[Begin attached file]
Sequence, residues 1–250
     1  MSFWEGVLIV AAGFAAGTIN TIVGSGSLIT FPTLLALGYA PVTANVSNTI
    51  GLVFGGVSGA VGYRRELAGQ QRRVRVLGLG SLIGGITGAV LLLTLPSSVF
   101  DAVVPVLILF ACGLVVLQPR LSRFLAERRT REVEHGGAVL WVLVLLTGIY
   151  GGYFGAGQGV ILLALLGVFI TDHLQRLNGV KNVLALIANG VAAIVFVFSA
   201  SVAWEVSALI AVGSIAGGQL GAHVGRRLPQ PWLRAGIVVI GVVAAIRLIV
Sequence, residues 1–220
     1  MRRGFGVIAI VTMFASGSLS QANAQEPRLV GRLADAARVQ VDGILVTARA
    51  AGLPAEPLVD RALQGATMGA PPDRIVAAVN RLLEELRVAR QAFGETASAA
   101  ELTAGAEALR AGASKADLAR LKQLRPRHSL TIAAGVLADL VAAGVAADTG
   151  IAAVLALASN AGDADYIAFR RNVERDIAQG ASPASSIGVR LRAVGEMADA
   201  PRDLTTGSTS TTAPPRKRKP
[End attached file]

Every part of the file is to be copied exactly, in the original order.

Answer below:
Sequence, residues 1–250
     1  MSFWEGVLIV AAGFAAGTIN TIVGSGSLIT FPTLLALGYA PVTANVSNTI
    51  GLVFGGVSGA VGYRRELAGQ QRRVRVLGLG SLIGGITGAV LLLTLPSSVF
   101  DAVVPVLILF ACGLVVLQPR LSRFLAERRT REVEHGGAVL WVLVLLTGIY
   151  GGYFGAGQGV ILLALLGVFI TDHLQRLNGV KNVLALIANG VAAIVFVFSA
   201  SVAWEVSALI AVGSIAGGQL GAHVGRRLPQ PWLRAGIVVI GVVAAIRLIV
Sequence, residues 1–220
     1  MRRGFGVIAI VTMFASGSLS QANAQEPRLV GRLADAARVQ VDGILVTARA
    51  AGLPAEPLVD RALQGATMGA PPDRIVAAVN RLLEELRVAR QAFGETASAA
   101  ELTAGAEALR AGASKADLAR LKQLRPRHSL TIAAGVLADL VAAGVAADTG
   151  IAAVLALASN AGDADYIAFR RNVERDIAQG ASPASSIGVR LRAVGEMADA
   201  PRDLTTGSTS TTAPPRKRKP